Choosing a Troop

Many factors make a troop right for your boy and for you. The qualities that work for you will be different from those of others. These notes are offered to help you evaluate troops and make the best decision possible. If our troop meets your needs, great, welcome aboard! If another troop seems best, go for it! -- The goal of Boy Scouts is to succeed for boys.


There are troops in our area which have 10 boys and those with 80 boys. Smaller troops will prevent your boy from "being lost" in the crowd. Smaller troops, though, have fewer opportunities for patrol leadership, etc. Smaller troops offer more opportunity to be Senior Patrol Leader. Big troops often have a senior patrol or patrol of older boys which give the troops successes at Camporees. Big troops travel in caravans while smaller troops may only require a couple of cars. The biggest troops may have difficulty getting into some camping sites.

Type of Camping

The Boy Scouts is oriented around outdoor activities, especially camping. Some troops do much car camping. Others are strong back-packing troops. Some do a real mixture.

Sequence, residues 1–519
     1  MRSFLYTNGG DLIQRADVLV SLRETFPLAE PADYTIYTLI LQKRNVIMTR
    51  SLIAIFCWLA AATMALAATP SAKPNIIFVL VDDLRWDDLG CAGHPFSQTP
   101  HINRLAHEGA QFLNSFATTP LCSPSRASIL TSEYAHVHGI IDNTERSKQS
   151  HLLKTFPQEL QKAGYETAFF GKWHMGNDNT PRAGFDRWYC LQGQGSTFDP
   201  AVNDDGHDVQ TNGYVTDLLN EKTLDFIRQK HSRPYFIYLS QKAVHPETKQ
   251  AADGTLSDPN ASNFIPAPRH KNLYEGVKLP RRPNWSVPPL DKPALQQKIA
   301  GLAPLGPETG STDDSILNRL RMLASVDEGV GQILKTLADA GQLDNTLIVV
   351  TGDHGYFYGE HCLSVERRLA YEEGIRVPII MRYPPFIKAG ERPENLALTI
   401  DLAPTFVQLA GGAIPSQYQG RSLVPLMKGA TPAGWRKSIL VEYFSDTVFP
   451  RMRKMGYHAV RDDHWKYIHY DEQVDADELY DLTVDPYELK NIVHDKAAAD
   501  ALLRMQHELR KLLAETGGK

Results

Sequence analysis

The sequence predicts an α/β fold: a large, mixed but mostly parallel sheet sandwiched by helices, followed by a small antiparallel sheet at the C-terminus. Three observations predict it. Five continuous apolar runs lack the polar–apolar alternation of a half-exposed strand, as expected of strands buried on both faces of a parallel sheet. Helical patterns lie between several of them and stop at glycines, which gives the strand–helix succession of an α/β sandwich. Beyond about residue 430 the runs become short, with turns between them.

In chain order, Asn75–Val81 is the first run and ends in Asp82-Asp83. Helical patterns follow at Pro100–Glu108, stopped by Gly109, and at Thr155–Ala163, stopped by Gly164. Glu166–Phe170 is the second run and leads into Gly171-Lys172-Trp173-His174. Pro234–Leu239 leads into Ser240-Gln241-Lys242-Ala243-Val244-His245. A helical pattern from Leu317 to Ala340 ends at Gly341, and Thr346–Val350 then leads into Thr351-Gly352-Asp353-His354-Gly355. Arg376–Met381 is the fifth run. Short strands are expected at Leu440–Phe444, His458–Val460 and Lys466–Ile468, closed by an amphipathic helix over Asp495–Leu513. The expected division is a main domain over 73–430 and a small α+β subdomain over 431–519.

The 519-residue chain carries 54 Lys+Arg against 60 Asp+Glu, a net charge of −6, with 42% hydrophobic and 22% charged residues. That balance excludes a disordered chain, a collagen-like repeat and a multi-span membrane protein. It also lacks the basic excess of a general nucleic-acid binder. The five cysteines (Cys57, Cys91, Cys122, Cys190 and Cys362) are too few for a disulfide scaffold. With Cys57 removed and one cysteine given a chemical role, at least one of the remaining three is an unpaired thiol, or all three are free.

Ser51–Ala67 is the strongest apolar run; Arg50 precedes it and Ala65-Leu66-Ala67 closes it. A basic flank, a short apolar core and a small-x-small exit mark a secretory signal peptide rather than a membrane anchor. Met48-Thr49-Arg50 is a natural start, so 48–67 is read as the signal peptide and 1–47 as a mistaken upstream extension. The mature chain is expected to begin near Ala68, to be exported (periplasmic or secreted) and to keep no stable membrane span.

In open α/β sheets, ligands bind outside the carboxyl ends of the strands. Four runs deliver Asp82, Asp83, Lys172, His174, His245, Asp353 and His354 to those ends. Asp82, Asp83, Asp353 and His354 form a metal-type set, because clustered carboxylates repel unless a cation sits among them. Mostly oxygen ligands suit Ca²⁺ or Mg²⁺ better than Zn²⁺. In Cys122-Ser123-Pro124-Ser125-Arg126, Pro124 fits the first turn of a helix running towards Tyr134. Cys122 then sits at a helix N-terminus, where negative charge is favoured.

History / Tradition

Newer troops may be working through organizational issues. Older troops may have very established ways of operating. Some troops are proud of more than 25 years of service. Does the troop have long-established trips which are repeated each year, or is every year different? A mixture? Are ideas from new parents welcome, introduced to the program?

Leadership / Boy Run

The official Boy Scout program is that scout meetings and events are boy run. That doesn't mean they are dangerous or uncontrolled, but the leadership should come from boys. Some boys find fully boy-run meetings boring, others find them fun. Some troops' Scoutmasters have been running their troops for years -- they are really "the Scoutmaster's troops." Other troops have rotating Scoutmasters from the parent groups.

Scout Camps / Camporees

Scout camps are usually one week in the summer. Camporees are usually weekend camping competitions. Some troops go to scout camps every summer, sometimes switching among camps. Others go to the same camp each year. Some troops participate in camporees and have these competitions as an important part of the troop's program. Other troops don't attend camporees. Ask what the troop's policy is regarding boys calling home during summer camp: some troops virtually prohibit such calls, others consider it OK. (Parents shouldn't be ready to pick up scouts at the first hint of homesickness, regardless.)

Good for Younger Boys?

Some troops have effective programs for younger boys. Others allow the younger boys to flounder. For a boy of strong character and physical presence, a program aimed at the younger boys may not be necessary.

Family Camp

Many troops do an annual family camp. What is each troop offering?